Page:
As Manafort Trial Continues, The Defense Gets Its Shot At Ex-Partner Rick Gates
Updated at 9:44 a.m. ET
The marquee witness of Paul Manafort's trial is getting another day in the spotlight on Tuesday.
Rick Gates, Manafort's former business partner and right-hand man, appears set to undergo a brutal cross-examination by defense attorneys who are keen on damaging his credibility.
Gates took the stand late in the day Monday, drawing gasps from the courtroom in Alexandria, Va., when his name was announced as the next witness. He pleaded guilty earlier this year to conspiracy and other charges as part of an agreement to cooperate with federal prosecutors.
On the witness stand Monday, Gates spoke about how he broke the law with Manafort, including by providing false and doctored documents to banks in an effort to inflate Manafort's income to qualify him for loans.
Gates also said he lied to accountants working on Manafort's taxes, to conceal foreign bank accounts that prosecutors say Manafort used to hide tens of millions of dollars from the IRS.
"At Mr. Manafort's request, at different points in the year, we did not disclose the foreign bank accounts," Gates said.
Prosecutors say Manafort did lucrative political consulting work in Ukraine, and then kept much of the money he made in offshore accounts and companies. He would then use overseas wire transfers to buy luxury items like custom suits and Land Rovers and avoid paying taxes.
When his consulting work dried up after the change of power in Ukraine, prosecutors say Manafort turned to using loans. The government's lawyers say he qualified for them by lying, to sustain an expensive lifestyle. Manafort is charged with 18 counts of tax and bank fraud.
Gates spent much of his testimony Monday corroborating that version of events, but on Tuesday, Manafort's defense team will get a chance to paint a different picture.
In the telling of Manafort's legal team, any problems with the former Trump campaign chairman's financial paperwork were either mistakes or the fault of Gates, who they say was stealing from Manafort and is now cooperating with investigators to cover his tracks.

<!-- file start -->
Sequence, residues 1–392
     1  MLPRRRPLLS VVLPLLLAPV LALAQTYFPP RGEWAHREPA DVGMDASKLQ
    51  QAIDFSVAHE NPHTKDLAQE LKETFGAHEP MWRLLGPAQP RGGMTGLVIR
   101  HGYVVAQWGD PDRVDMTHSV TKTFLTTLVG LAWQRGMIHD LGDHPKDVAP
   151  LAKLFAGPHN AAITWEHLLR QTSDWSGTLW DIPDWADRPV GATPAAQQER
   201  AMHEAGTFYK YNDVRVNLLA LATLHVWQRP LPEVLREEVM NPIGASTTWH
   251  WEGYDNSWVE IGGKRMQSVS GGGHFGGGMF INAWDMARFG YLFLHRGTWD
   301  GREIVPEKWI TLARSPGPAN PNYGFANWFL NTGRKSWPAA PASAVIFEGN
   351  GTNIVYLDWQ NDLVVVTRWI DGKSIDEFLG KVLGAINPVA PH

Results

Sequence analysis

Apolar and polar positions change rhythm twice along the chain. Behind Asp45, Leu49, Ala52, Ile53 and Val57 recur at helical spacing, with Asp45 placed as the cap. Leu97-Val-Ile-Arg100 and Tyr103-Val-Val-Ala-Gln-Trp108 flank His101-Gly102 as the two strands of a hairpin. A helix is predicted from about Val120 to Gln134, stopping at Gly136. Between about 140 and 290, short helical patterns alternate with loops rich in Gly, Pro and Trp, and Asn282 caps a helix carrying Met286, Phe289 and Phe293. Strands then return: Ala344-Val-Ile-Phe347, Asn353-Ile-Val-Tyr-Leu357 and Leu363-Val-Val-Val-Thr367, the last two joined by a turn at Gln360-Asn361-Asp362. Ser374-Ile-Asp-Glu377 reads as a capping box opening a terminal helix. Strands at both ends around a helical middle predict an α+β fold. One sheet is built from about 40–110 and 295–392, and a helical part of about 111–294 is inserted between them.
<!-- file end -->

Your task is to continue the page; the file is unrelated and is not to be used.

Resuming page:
In his plea deal, Gates admitted to lying to investigators a number of times, and on Monday he admitted to embezzling hundreds of thousands of dollars from Manafort's company, in the form of falsified expense reports.
"Rick Gates had his hand in the cookie jar, and he couldn't take the risk that his boss might find out," Manafort defense attorney Thomas Zehnle said in his opening statement last week.
Prosecutors have sought to undercut this argument by repeatedly asking witnesses who dealt with Manafort and Gates about the dynamics of their relationship, trying to underscore that Manafort was the supervisor.
Bill Coffield, a D.C.-area attorney who specializes in white collar law, called it a good move by prosecutors to bring up Gates' theft from Manafort. That foreclosed the ability for defense attorneys to bring it up as a bombshell revelation in cross-examination and imply the government is trying to hide something, he said.
Cofield added that prosecutors need to use Gates' testimony to flesh out the narrative of Manafort's alleged crimes, but they also need to continue to back it up with documents and other witnesses who dealt with Manafort's finances.
"What the prosecution needs to do is put some meat on the bones," Coffield told NPR's Morning Edition. "They've got somebody whose credibility — talking about Rick Gates here — they've got somebody whose credibility has been severely wounded."
Gates is expected to take more questions from prosecutors Tuesday morning, and then the defense's cross-examination is expected to take much, if not all, of the afternoon.
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